Can Kilkenny hurlers bounce back from poor six months?

A rare early elimination in the Leinster championship for Kilkenny has everyone in the hurling world in shock and excitement as the hurling championship has been blown wide open.

We ask where do Kilkenny go from here on and discuss the current state of Kilkenny hurling.

After the league defeat to Wexford, it was expected that we would see Kilkenny looking for revenge as they have done on so many an occasion when Kilkenny have been written off. In 2015 when they played Wexford, Kilkenny came off a poor league campaign much like this year. On that day in 2015 Kilkenny destroyed Wexford by over 20 points and it wasn’t up until this year that Wexford have recovered. However, on last Saturday evening for once, we did no see that ruthless Kilkenny we have seen in the past even with a dream start from a penalty from TJ Reid.

How many times have we seen Kilkenny with that type of start and the next thing you know its 15 minutes into a game and the cats have bagged two or three goals and the game as a contest is over but not on Saturday. Even when Reid scored the penalty he had the easiest of frees almost in front of the post he put it wide. It symbolised Kilkenny on the day they just looked unprepared for this game both on the field and from management.

The decision to play a clearly unfit Paudraig Walsh, who was in a protective boot for two weeks prior to the game and Ritchie Hogan who has been struggling with a back injury should not have played. Ger Aylward was lacking match sharpness but aside from Colin Fennelly was the only other forward who was winning ball in the full forward line but didn’t have the best time aiming for the post hitting four wides. The decision to pull him aside before HT seemed harsh and irrational. It was understandable that a player who has not played inter-county hurling in over a year would have some rustiness to shake off and it was possible a matter of time before he got his range.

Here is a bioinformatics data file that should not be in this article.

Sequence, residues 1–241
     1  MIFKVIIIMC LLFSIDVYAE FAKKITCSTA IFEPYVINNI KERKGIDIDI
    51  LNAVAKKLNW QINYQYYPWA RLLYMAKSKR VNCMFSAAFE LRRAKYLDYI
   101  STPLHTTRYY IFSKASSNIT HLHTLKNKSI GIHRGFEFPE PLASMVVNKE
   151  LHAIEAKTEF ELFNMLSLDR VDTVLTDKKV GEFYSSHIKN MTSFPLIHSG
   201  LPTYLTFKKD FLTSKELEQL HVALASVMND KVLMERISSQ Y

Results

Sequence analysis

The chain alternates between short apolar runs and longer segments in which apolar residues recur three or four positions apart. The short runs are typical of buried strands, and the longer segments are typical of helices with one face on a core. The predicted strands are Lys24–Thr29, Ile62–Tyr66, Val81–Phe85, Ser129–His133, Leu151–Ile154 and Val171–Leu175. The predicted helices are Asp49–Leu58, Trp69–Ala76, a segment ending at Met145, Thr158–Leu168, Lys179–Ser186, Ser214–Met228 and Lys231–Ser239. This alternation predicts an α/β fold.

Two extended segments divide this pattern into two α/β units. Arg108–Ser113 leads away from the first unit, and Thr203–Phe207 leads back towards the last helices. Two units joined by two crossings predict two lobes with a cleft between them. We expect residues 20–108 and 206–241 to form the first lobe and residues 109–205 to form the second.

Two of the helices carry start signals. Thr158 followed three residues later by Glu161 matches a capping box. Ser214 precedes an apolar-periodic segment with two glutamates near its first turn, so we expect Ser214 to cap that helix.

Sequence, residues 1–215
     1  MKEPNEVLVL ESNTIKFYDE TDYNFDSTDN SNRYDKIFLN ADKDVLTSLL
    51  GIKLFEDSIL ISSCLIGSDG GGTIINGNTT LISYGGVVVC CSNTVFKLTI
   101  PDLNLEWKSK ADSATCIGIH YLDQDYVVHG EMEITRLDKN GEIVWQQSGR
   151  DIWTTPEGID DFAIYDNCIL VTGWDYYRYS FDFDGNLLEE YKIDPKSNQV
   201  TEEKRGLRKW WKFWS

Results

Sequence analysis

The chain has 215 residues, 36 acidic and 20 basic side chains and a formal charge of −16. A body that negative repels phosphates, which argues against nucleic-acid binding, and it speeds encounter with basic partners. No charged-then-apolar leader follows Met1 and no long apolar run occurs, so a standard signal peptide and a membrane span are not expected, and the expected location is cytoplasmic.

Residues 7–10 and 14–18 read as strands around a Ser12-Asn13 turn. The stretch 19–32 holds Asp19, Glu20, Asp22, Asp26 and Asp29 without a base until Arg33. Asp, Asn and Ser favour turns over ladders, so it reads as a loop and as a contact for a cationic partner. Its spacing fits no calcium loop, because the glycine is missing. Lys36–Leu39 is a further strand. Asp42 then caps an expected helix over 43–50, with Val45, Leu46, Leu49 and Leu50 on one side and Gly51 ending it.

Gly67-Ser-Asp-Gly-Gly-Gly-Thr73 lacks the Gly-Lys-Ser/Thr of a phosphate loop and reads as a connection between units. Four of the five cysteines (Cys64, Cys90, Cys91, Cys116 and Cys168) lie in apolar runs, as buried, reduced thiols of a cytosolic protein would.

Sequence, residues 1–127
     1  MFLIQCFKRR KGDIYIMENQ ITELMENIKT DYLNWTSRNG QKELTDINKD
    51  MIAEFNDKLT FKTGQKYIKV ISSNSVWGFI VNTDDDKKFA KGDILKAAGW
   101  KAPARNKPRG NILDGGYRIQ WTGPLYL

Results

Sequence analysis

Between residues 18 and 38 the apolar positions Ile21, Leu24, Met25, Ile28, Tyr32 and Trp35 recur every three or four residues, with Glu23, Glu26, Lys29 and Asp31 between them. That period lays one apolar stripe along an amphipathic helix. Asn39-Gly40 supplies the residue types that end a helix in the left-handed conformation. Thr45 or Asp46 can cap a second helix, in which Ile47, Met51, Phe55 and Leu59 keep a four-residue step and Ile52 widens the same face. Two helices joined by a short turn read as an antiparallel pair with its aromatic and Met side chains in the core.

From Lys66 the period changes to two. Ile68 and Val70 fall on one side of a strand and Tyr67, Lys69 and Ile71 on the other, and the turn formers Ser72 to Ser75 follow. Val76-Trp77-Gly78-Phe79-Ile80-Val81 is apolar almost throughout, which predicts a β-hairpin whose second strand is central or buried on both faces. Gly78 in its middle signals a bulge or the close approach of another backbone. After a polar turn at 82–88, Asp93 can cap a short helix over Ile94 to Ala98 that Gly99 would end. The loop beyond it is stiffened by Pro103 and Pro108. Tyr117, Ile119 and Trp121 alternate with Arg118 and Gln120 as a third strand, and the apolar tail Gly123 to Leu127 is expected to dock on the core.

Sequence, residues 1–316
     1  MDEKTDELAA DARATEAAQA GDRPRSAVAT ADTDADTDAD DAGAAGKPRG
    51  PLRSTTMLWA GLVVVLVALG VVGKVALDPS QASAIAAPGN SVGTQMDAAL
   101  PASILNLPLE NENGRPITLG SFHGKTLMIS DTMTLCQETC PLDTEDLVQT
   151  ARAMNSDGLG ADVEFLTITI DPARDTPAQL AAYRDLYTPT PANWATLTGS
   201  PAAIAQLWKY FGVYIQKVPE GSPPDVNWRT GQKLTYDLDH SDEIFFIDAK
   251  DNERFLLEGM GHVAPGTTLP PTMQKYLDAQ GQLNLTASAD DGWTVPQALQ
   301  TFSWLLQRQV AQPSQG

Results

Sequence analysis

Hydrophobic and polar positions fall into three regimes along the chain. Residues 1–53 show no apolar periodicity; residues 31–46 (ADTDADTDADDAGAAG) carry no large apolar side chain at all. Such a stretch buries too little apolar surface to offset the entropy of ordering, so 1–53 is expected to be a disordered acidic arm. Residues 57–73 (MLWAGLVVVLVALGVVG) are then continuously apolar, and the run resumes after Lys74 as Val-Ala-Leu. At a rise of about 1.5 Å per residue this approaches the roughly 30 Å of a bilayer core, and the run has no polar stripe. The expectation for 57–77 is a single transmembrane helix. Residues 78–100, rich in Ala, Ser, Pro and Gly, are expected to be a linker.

Ger Loughnane in his article for The Star wrote ‘Kilkenny are no longer the team of 2007 and Brian Cody is no longer the Brian Cody of 2007.’ Based on last Saturday and even the All-Ireland final of last year this is a true statement. In the ALL-Ireland final, Cody was far too late making changes and when he did the game was up. On Saturday he was the opposite, rash in his decisions (such as the Aylward substitution) and his decision to use substitute goalie Ritchie Reid as a forward must be questioned. In terms of general play the tactic was to drive the ball into Colin Fennelly in the full-forward line. While Fennelly did get success, direct ball into your full forward is somewhat limiting as you cannot expect your full-forward at this level to win every ball that comes in. In contrast Wexford mixed the play from a running game with a mixture of direct hurling and it worked with Chin’s running and Guiney strength in the air. Wexford had a game plan and Kilkenny did not.

The reality is that Kilkenny do not have the players they once had. If you follow underage hurling, Wexford especially at U-21 grade have had the better of their neighbours including a 17-point victory in a Leinster final in 2015. They have not won a Leinster U-21 title since 2012 which for Kilkenny is not good enough. However, at minor there are some promising signs with St Kieran’s and Kilkenny CBS reaching Leinster school finals regularly and with the previous denied four in a row this year by Our Lady’s Templemore. The minors are one of the favourites to win the All-Ireland and face Dublin in the Leinster final on July 2nd. Kilkenny fans are hoping that the next golden generation will be made up of that side.

As for the seniors moving forward, a good qualifier draw will set the ball rolling. If Walsh, Aylward, Hogan and most importantly get fully fit they are still serious All-Ireland contenders. The nightmare situation for the qualifier draw for Kilkenny on Monday would be Tipperary. With all the questions surrounding Tipp at the moment what better way to silence the doubters than knocking out your biggest rivals. You also feel that Kilkenny would not be prepared for a shot at the champions considering their injuries. If they can get a win in the qualifiers to boost confidence and have their key players return to fitness, Kilkenny are still a force.


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